Apple Music Classical is another free app for subscribers to Apple Music, which is remarkable considering the work it took to get the app up and running. Because of the number of recordings, versions, orchestras, and variations that accompany each piece of classical music, the SEO required for the app itself is much different than modern music. To learn more about the development of the software, I spoke with Veronica Neo, who founded Primephonic, whose mission was to “bring classical music into the digital age.” Now, with Apple’s team supporting her vision, the dream has finally become a reality. Neo, who is now head of data and operations management at Apple, explained the initiative and desire to get Apple Music Classical up and running. “We started our data process at the source, and then we did endless iterations to ensure that the catalog information we were receiving matched our classical repertoire database as much and as accurately as possible. As we discovered new works in recordings, we added these to our ever-growing classical repertoire database.”
This was a time-consuming, expensive initiative, and it’s hard to imagine Apple Music would dive into such an operation if there was little financial gain for this wing of Apple. While Atmos feels like more of a pet project, it appears as if Apple Music may have found a market inefficiency. Perhaps they’re looking to accrue a number of new subscribers who never before utilized digital streaming services. Regardless, Neo sees the app as useful for classical novices and experts alike. Much like Apple Music, the service offers tons of information and recommendations from editors.
Being a classical music novice myself, I found the app easy to navigate and informative. I am not opposed to learning more about the genre, and Apple Music Classical made the subject matter engaging. For someone curious, it’s a more than suitable introduction to the genre. “For beginners, there is a broad variety of playlists, for instance essentials per period or per genre. Browsing by instruments is a unique feature that is available on Apple Music Classical that allows listeners who know the sound of an instrument they love to get started and create their own classical music taste profile as they explore,” she explains. We also have works descriptions for many classical works that provide a much more enriching listening experience as they learn about the story of the composition.” These works descriptions are what I found so enticing, which illuminated the context and tradition around these monumental compositions.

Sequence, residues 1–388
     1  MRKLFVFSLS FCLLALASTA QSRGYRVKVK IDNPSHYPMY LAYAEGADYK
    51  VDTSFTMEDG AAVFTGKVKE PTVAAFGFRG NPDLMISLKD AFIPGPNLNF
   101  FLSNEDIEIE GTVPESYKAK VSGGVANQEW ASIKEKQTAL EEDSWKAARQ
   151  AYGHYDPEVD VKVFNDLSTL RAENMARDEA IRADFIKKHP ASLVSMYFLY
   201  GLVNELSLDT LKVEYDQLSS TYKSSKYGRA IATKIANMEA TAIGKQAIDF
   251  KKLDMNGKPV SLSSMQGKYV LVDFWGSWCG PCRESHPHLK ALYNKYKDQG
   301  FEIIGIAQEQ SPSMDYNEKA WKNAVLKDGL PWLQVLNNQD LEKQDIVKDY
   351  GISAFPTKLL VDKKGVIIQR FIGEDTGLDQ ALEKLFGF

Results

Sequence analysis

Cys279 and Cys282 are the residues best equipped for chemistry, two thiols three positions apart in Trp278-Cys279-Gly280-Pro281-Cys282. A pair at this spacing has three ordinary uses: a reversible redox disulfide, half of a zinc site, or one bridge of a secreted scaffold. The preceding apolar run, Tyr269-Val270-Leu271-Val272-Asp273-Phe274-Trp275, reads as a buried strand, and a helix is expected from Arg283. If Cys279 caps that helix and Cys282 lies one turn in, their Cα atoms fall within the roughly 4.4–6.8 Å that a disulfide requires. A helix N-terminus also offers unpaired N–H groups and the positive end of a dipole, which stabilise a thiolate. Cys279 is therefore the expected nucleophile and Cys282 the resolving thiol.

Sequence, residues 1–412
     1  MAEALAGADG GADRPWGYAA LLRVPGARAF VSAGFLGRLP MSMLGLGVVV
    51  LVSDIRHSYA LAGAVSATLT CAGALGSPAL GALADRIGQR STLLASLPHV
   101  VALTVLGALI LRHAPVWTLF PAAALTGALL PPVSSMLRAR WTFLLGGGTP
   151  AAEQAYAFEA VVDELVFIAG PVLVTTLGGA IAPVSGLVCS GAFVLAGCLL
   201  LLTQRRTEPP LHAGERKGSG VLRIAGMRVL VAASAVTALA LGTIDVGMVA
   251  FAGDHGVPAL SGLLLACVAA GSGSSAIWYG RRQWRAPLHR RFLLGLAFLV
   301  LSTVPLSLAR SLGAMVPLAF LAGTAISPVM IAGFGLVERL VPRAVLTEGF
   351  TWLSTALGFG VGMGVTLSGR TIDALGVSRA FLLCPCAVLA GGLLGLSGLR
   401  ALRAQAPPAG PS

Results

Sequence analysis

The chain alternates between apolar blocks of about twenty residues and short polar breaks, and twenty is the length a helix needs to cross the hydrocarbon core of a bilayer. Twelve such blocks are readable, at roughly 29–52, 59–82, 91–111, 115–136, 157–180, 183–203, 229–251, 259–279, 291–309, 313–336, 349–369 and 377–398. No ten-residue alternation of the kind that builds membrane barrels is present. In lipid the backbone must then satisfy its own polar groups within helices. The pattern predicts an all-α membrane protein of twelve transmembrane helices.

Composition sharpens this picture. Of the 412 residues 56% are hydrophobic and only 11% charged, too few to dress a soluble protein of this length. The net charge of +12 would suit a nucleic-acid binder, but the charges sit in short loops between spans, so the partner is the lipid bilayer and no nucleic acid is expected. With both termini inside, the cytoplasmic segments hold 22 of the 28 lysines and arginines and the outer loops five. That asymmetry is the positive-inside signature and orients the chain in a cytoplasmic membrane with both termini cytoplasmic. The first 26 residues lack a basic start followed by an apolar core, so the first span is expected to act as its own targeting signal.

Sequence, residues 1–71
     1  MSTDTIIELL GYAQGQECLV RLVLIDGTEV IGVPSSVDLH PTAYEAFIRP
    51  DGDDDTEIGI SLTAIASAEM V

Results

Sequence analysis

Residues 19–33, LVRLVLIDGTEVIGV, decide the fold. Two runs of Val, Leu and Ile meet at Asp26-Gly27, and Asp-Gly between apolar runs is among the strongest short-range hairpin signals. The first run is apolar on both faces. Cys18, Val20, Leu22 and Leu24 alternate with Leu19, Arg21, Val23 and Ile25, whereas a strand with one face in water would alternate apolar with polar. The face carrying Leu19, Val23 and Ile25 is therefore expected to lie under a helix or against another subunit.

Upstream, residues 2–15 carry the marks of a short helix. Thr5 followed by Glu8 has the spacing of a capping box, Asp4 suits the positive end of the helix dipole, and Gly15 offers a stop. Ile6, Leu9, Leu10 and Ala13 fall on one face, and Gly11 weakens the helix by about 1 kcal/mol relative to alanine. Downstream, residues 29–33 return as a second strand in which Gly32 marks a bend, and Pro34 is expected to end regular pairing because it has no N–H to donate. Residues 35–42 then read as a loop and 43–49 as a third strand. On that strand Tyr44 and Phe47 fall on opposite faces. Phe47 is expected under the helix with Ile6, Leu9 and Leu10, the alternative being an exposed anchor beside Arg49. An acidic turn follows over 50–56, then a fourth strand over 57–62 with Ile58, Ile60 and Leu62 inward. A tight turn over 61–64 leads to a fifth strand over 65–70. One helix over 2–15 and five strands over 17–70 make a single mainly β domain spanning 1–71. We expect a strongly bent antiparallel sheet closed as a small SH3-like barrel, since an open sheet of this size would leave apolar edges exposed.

Aficionados, too, will find the app appealing according to Neo, and I bet this is where Apple sees dollar signs. The amount of classical lovers who listen to digital music has to be minuscule, based on how long it took Apple to accumulate the proper SEO keywords to populate their catalog. It was simply a bad listening experience before the app came along. “More advanced listeners can easily go beyond the usual suspects through Composer Undiscovered Playlists and Hidden Gems. Lifelong fans can search by composer, work name, opus number, album name, artist name, or even in their local language, and find exactly their favorite recording instantly,” Neo says. “We also have Related Composers and Related Works that bring recommendations beyond what they already know.”
This is the future of Apple Music, which may not be the first name associated with streaming but has positioned itself as the music listener’s service. Its new initiatives and technological innovations are antithetical to the click and move on factory-like behavior that playlisting and algorithmic listening fosters. It’s a bold bet, and I’m not certain Apple will have patience if these programs lose money or fail to attract wide swaths of the market, but as a music devotee and someone constantly looking for a less insane way to consume music, both Spatial Audio and Apple Music Classical make it clear that I’m not the only one searching for alternatives.